Lookout found that the NSO Group’s spyware for Android devices, Chrysaor, uses Message Queue Telemetry Transport (MQTT) for communications. The protocol uses TCP/IP port 1883 and port 8883 when traffic is encrypted over SSL. This protocol is also used by the common MeetMe social media platform and is commonly used for connections in remote locations that do not always have uptime. Despite Houthi control of YemenNet, Recorded Future could not identify any infections using the conventional Chrysaor configuration in YemenNet or in any of its collections.

Hadi Government

The Hadi government is directly supported by Saudi Arabia, attempting to bolster Sunni and Saudi influence in their neighboring country, and are direct combatants with the Iranian-backed Houthi forces. Recorded Future would anticipate, due to the Hadi government’s cooperation with China, that there would be some Chinese monitoring of Yemeni activity, even just as a manner of monitoring their investment. Additionally, Recorded Future would expect Iranian mobile surveillance malware deployed against these forces, which CheckPoint found to be used against Iranian dissident civilians and potential Islamic State sympathizers.

Southern Secessionists

The Southern Movement, formally known as the Southern Transitional Council (STC), is largely backed by the United Arab Emirates, but has found itself in an uneasy alignment with the Saudi coalition, which has often been tested and broken. In October 2018, the STC forces called for an uprising in Aden, directly conflicting with the Hadi government’s control of the city. The activity provoked further UN calls for peace, allowing the group to gain more international recognition for their goal of an autonomous South Yemen. Due to the UAE and Saudi governments’ cooperation and general alliance, Recorded Future does not anticipate Saudi targeting of the STC forces. Similarly, although the STC is in direct conflict with the Houthis, due to their lack of continued internet holdings or defined cell ranges, Recorded Future does not anticipate any particular targeting by Iranian malware against the STC.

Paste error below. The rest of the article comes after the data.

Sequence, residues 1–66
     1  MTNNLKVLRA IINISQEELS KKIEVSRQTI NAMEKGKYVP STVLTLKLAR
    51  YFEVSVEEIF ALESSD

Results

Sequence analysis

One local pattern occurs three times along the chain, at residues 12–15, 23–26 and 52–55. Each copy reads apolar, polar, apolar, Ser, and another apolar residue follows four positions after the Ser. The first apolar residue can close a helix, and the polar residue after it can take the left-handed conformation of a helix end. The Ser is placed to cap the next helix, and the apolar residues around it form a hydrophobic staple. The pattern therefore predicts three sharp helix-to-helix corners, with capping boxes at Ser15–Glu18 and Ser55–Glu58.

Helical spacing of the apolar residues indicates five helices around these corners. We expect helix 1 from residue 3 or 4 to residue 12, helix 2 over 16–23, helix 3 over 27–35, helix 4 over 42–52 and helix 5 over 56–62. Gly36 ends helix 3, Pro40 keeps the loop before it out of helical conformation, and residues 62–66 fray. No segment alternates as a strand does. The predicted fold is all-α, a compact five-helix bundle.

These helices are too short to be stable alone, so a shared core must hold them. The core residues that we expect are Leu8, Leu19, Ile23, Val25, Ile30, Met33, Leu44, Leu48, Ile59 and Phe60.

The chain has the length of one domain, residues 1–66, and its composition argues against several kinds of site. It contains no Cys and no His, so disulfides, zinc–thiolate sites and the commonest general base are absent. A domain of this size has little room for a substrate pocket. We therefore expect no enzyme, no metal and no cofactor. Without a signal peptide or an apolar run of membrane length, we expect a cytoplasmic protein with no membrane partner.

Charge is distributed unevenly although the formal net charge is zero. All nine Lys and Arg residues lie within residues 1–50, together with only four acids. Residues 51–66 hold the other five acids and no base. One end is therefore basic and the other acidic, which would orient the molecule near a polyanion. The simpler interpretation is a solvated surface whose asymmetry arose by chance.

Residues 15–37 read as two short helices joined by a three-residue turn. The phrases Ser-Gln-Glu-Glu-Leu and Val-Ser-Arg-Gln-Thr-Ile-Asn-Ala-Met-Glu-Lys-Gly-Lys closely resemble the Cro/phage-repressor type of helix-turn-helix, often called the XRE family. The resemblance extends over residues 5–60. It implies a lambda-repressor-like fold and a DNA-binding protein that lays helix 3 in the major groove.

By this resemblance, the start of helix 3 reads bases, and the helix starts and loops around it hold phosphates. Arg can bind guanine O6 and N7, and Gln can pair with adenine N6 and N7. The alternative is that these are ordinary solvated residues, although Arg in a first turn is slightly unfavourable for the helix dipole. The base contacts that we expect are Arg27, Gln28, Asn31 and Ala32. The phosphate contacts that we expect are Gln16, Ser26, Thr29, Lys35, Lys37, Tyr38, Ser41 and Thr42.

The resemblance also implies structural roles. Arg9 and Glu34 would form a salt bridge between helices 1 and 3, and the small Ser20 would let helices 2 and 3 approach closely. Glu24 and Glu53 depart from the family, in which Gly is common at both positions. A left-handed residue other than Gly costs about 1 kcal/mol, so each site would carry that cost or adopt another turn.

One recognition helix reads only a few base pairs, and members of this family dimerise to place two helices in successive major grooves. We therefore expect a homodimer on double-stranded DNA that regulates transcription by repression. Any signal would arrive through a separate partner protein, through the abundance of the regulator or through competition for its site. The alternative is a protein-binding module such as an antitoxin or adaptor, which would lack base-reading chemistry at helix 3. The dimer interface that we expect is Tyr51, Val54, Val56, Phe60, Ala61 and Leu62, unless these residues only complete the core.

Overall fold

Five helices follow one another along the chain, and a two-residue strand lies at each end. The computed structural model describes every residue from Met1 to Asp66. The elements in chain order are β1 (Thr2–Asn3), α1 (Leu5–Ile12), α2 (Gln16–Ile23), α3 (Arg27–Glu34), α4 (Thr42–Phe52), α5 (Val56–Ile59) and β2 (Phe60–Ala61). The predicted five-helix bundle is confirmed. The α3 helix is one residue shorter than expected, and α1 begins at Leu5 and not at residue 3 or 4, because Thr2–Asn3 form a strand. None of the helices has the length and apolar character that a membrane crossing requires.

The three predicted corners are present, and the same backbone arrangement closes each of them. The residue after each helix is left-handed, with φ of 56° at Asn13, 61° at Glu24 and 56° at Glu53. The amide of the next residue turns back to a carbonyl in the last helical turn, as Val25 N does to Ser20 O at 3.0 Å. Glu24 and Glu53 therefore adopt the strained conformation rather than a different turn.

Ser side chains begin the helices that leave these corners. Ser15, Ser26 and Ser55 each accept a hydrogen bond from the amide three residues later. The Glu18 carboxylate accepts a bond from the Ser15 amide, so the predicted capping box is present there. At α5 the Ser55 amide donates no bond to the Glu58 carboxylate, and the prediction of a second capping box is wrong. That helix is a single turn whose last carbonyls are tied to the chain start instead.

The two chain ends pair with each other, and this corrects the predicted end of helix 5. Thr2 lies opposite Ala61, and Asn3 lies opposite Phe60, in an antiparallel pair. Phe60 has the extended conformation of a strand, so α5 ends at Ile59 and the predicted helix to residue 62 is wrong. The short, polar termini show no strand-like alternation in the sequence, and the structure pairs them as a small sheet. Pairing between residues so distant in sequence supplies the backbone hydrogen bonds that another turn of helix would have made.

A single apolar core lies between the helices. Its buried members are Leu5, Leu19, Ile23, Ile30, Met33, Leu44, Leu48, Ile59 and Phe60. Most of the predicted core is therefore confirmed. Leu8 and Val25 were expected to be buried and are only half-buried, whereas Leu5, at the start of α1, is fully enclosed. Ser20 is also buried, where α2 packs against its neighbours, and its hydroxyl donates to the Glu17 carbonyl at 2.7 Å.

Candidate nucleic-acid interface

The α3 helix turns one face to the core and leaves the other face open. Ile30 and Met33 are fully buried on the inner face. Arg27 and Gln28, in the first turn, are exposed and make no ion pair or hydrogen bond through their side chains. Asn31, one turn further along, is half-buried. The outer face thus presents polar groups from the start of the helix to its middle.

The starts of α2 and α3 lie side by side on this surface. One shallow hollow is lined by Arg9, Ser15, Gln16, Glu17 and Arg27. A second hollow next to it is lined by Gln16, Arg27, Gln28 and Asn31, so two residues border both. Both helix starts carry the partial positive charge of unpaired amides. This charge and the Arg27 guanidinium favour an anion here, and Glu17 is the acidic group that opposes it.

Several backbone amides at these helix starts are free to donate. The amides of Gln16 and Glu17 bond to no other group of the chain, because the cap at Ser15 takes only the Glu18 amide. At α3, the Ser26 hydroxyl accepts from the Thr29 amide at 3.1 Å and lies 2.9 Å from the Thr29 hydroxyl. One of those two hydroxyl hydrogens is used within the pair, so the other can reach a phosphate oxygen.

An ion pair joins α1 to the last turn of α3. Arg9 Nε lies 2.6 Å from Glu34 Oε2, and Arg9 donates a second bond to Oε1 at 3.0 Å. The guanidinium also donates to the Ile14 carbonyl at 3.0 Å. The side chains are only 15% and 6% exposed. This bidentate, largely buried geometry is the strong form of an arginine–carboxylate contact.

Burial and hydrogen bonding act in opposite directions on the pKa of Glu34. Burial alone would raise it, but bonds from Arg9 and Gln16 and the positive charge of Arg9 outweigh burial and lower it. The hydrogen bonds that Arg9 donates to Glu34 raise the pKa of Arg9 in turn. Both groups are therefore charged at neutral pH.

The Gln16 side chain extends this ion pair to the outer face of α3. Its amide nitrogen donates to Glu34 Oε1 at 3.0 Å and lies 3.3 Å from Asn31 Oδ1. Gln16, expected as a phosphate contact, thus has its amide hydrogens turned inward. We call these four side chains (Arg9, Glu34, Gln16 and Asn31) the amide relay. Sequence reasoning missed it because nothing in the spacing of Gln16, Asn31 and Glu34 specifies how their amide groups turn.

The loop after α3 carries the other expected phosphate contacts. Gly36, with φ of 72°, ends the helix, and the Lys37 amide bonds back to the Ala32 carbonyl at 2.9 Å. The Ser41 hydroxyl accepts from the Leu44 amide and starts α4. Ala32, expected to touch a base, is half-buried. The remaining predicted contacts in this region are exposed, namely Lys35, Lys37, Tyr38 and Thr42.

Al-Qaeda in the Arabian Peninsula

Al-Qaeda’s affiliate in Yemen is surprisingly in a peculiar targeting scenario. The group largely has the backing of the Saudi-led coalition, according to the Carnegie Endowment, sharing a common goal of fighting the Houthis. The Saudis even signed a nonaggression pact with the extremists. This conflicts with the U.S. backing of Saudi Arabian interests, as the United States is largely targeting AQAP forces almost exclusively in Yemen. The Iranians likely oppose the targeting of Houthi forces by the Saudi-aligned extremists.

Kaspersky found the Slingshot framework targeting individual routers in Yemen and other nations from 2012 to 2018. Slingshot was said to be used by the United States military to target Islamic State and Al-Qaeda members, perhaps in the most publicized instance of cyber being used for terrorist monitoring. Recorded Future could not identify any of this activity.


Despite the continued airstrike activity, armed skirmishes among Yemeni factions, and general degradation of Yemen’s infrastructure and public health, internet access in Yemen may prove to be resilient. The introduction of AdenNet to create a dual backbone in Yemen has created an additional network access point to thousands of citizens who had their internet access revoked when the Houthis seized Sana’a. However, vulnerabilities within YemenNet may lead to espionage or even destructive campaigns within its infrastructure, damaging internet access within Houthi-controlled territory.